Did you know that one donor can save up to eight lives through organ donation and enhance the lives of up to 75 more through the gift of tissue ? Today, in Ontario, there are over 1,500 people waiting for a lifesaving organ transplant. This is their only treatment option, and every 3 days someone will die because they did not get their transplant in time.
You could be the answer to these people's prayers. Along with the will to donate, in order to register as an organ donor, you only need three things:
1. to be at least 16 years old
2. to provide your date of birth
3. your health card number and version code (if applicable)
If you think your age, or an illness will disqualify you from becoming a donor, you are wrong! The oldest organ donor was over 90 and the oldest tissue donor was over 100. There’s always potential to be a donor; it shouldn’t stop you from registering. People with serious illnesses can, sometimes, be organ and/or tissue donors. Each potential donor is evaluated on a case-by-case basis either while alive or after death.
Half of all Canadians are fit to donate blood, but only 1 in 60 Canadians gave blood last year. Our organ donation rates are also lower than many countries, including the United States. It really is "in you to give". Donating blood will not make you weak, because blood cells have the ability to regenerate. The plasma from your blood is replaced within about 24 hours. Red cells need about four to six weeks for complete replacement. That is why there needs to be a mandatory eight weeks time period between consecutive blood donations.
If you want to know more about blood donation, here's a list of FAQ's from the Canadian Blood Services website.
Also, if you think donating your organs or tissue means not being able to have an open casket funeral, you are wrong! An open casket funeral is possible. My grandparents donated their eyes, and even though their eyes were closed for visitation, the transplant technician placed fake eyeballs in the eye sockets to prevent the skin from falling back into the hollow space.
I also distinctly remember a young biker who died in the ER and had pledged all viable organs for donation. His kidneys, heart, lung, liver and eyes were harvested for donation, and trust me, if you didn't know it, you wouldn't guess he had donated all those organs. Transplant surgeons and funeral homes do a pretty good job of making a person look like their normal selves after organ donations.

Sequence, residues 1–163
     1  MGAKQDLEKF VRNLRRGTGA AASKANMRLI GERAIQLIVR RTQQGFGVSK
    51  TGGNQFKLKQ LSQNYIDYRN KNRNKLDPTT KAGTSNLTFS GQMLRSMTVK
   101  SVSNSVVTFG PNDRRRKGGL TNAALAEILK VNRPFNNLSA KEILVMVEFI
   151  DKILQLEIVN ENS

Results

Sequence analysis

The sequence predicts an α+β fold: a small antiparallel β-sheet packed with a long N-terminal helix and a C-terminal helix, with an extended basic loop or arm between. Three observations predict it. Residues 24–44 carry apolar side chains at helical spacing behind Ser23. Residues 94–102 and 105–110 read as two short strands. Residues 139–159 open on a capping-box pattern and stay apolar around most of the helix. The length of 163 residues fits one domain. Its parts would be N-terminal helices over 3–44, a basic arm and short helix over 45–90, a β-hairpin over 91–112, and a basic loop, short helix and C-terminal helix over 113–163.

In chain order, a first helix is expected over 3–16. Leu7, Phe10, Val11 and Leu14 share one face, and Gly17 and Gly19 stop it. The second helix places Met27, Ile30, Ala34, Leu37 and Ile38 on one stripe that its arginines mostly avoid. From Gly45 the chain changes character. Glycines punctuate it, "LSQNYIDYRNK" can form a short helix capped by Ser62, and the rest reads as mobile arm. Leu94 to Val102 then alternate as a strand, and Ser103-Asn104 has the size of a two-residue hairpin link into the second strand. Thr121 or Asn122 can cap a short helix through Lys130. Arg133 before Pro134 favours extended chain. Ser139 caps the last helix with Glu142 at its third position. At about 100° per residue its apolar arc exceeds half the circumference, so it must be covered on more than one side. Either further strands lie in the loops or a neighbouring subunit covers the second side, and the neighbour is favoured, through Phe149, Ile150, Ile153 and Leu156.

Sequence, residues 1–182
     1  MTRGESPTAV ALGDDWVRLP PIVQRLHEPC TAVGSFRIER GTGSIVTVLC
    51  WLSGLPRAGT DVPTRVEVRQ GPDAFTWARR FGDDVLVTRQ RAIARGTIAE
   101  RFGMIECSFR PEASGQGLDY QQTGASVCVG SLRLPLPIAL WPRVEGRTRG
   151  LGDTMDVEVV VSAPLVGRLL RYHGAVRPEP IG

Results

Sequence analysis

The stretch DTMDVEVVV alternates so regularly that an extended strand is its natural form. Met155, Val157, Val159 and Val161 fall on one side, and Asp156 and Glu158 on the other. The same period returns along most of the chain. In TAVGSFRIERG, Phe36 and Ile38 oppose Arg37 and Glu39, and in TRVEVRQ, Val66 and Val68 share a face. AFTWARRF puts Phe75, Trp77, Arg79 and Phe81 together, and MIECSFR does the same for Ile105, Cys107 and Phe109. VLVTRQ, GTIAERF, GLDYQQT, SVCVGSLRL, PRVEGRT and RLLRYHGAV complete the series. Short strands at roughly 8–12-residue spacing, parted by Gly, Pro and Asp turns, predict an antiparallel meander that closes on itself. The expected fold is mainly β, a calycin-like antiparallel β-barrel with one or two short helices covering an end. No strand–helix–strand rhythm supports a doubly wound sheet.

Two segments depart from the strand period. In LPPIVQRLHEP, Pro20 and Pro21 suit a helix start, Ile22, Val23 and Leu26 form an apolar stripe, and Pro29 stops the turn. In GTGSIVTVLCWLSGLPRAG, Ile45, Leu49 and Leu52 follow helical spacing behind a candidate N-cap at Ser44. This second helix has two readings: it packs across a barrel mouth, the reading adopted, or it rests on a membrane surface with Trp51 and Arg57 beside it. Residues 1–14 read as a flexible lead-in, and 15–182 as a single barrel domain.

You need to register your consent to donate, even if you signed a donor card, to ensure the information is recorded with the Ontario government. When needed, the Trillium Gift of Life Network will use this record to confirm your consent. They will also reaffirm your consent with your family. In almost all cases, families honour and respect their loved ones’ donation decision if they have evidence that it’s what they wanted.
However, registering as a donor is the only secure and guaranteed way to make your decision known.
Learn more about organ and tissue donation by browsing FAQs on the beadonor.ca website, or take action today. Register your consent for organ and tissue donation and talk to your family and friends about your wishes. Make sure you record your wishes in your Advance Care Plan. I emphasise on this point, because, if the family refuses to donate the deceased person's organs, doctors are not allowed to harvest the organs even if the deceased person is a registered donor.
If you are considering organ or tissue donation and need more information, help or guidance, we at in4MED, can make this decision making process easier for you by providing relevant information, connecting you to local resources and support systems, and being there for you as your trusted health advocates. As always, feel free to connect with me or leave a comment.
Healthcare Consultant, in4MED
Organ and Tissue Donation: The Facts
Blood, organ and tissue donation
FAQs: National Organ and Tissue Donation Awareness Week
The author of this blog post is a Physician with over 10 years of experience working in the healthcare system as a clinician, researcher and educator. She is passionate about healthcare for older adults and strives to be a resourceful inspiration to caregivers.
*No content on this site, regardless of date, should ever be used as a substitute for direct medical advice from your doctor or other qualified healthcare professional.